May I run THHN above ground under a house unprotected or is a conduit required for this? The wires consist of 3 4AWG wires with an 8AWG ground going from a 60A breaker at the (100A) service to a newly built garage via underground wiring from the garage in 1.25" schedule 40 PVC and then under the house, which is raised on piers.

  • 1
    Did you mean THHN?
    – Machavity
    Jun 1, 2019 at 21:48
  • Are you talking about some sort of crawlspace here, or the space under a house that's been mounted on piers? Jun 1, 2019 at 23:43
  • 1
    dyslexic I am,...yes and yes to the space under house with piers
    – gchilton3
    Jun 2, 2019 at 1:08

2 Answers 2


Any time you are running bare conductors in a dwelling unit that are not part of a cable system such as NM or MC, then they must be run in a conduit. Once you get to the exterior of the unit you could transition to a Direct burial cable such as UF or you could continue in a conduit system. The most common under ground conduit would be PVC and it could also be used under the house.

good luck

Special note: Most conductor insulation is multi rated but a straight THHN rating is not rated for wet locations it should also be labeled as THWN to be approved for buried circuits.


Remember you need Schedule 80 PVC where the conduit approaches the surface or in a place subject to potential damage. It is thicker pipe, but the joint surfaces are compatible with Sched 40. (it sacrifices inside diameter).

Single wires need to be inside a conduit or raceway their entire run. So no, you cannot direct-affix THHN wires. You have several options:

  • Run conduit the entire way. Feel free to switch to EMT once you are out of the earth; you will get less contact cement on your fingers and you won't need expansion joints. Bonus: EMT is the ground path so you don't need that #8 ground. (which is fine by the way).
  • Install a junction box, and splice to a multi-conductor cable for the rest of the run. This will require a Rather Large junction box, and Polaris connectors, and large entry hole, and large cable clamp for the cable - and the cost of all that might be worse than the EMT.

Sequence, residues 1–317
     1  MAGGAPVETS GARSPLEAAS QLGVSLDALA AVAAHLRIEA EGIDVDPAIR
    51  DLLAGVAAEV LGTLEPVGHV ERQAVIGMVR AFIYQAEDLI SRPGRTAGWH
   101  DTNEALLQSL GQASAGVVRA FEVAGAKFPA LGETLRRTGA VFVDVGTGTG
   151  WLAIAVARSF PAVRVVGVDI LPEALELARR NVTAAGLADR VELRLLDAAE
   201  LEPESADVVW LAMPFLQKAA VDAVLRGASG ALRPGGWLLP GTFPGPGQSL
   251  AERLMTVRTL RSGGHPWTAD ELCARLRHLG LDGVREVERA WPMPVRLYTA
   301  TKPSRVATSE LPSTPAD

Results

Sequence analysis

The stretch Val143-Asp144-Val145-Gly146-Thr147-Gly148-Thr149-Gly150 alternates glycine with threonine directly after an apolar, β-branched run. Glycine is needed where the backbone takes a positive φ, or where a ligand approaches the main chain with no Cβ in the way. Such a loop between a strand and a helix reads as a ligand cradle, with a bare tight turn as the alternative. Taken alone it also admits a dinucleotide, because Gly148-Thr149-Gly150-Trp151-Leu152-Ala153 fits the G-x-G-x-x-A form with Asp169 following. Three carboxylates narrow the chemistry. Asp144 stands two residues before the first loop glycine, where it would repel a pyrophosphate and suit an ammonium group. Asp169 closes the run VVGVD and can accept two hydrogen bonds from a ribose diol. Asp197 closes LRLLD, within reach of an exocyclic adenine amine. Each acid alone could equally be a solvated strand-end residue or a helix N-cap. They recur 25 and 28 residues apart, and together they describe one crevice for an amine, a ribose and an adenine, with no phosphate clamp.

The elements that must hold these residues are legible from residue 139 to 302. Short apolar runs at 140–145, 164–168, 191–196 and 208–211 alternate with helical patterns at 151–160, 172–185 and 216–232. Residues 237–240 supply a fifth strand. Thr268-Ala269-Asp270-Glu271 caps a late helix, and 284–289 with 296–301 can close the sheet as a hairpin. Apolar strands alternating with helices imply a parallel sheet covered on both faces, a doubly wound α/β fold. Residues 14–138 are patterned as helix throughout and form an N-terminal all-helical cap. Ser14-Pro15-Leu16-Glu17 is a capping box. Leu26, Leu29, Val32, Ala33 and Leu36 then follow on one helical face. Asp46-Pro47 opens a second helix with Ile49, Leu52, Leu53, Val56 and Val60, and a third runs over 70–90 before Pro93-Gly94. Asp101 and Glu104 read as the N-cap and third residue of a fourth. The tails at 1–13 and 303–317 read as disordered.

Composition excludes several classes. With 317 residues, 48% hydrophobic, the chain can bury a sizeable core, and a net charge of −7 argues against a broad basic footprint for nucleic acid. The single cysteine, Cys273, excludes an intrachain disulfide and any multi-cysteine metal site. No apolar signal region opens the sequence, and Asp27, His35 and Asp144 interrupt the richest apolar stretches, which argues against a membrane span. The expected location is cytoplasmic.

• The dreaded "cable in conduit" - run appropriate wet-rated cable the entire run, and go through the pain and suffering of cramming the cable through the conduit. Not a fan of this one; fair chance it will overwhelm your DIY skills and force you to pay an electrician a small fortune to pull the cable and finish the job (they won't just pull).

As an aside, your wet location needs THWN wires, but almost all THHN is dual-marked as both THHN and THWN-2.

Some other gotchas:

For a 100A feeder to a subpanel, you need #3 copper (better: #1 aluminum). Lots of people get tripped up by this*. If you are married to #4, you are limited to 70A.

#include standard "Aluminum is the right stuff for feeder" speech.

#include standard "compute voltage drop based on practical load not breaker trip, and don't compute based on 3%" speech.

At an outbuilding, your subpanel will need a shutoff switch. The cheapest way to get a shutoff switch is pick a subpanel that has a main breaker. You're not using it as a main breaker, capische? So don't match the main breaker to he feeder breaker. It's irrelevant and will force poor panel choices, like a 4-space panel for 60A or 12-space for 100A. You want more spaces than that -- really.

Spaces are dirt cheap when buying a panel. The biggest cliche in home subpanels is spending $400 too much on wire, but saving $40 getting a too-small panel, promptly running out of spaces**, and having to spend another $100 replacing the panel. You want enough breaker spaces that you never run out, because spaces are cheap before you install it, and expensive after.

*The reason this mistake happens is people drawing from a table intended for service entrances. This has been such an epidemic that the table has been removed from NEC.

** "circuits" don't count as "spaces", so a 12 space/24 circuit panel is in fact only 12 spaces. 24 relies on "double-stuff" breakers, which don't come in AFCI or GFCI, so such a panel is only 24 circuits in an imaginary world where those are not required. Here on Earth it's a 12-circuit.

  • His feeder is 60A, BTW Jun 2, 2019 at 14:13
  • @ThreePhaseEel for now, yes. But that choice of wire allows him headroom to swap in a 70A breaker at his discretion... my point is, not a 100A and a bump from 4 to 3 will give him 100A. Jun 2, 2019 at 14:19
  • Noted, I was told as much by codes inspector, but have too many "expert friends" who I need to turn off. Thanks all.
    – gchilton3
    Jun 2, 2019 at 20:07
  • how do I vote on this boards help ,4stars, if I knew how.
    – gchilton3
    Jun 2, 2019 at 20:17
  • Code inspectors will tell you #4 for 100A @gchilton3, because that is allowed for "service" wire. i.e. every load in the service goes down that wire. They're almost always dealing with that, so it's habit. They are thinking of 310.15b7 which applies to service and whole-service feeder, used to be a table and now is an 83% favorable derate. The correct branch/subfeed table: 310.15b16 using the 60C column <100A and 75C column >=100A. Which is a visual mess. Jun 2, 2019 at 20:18

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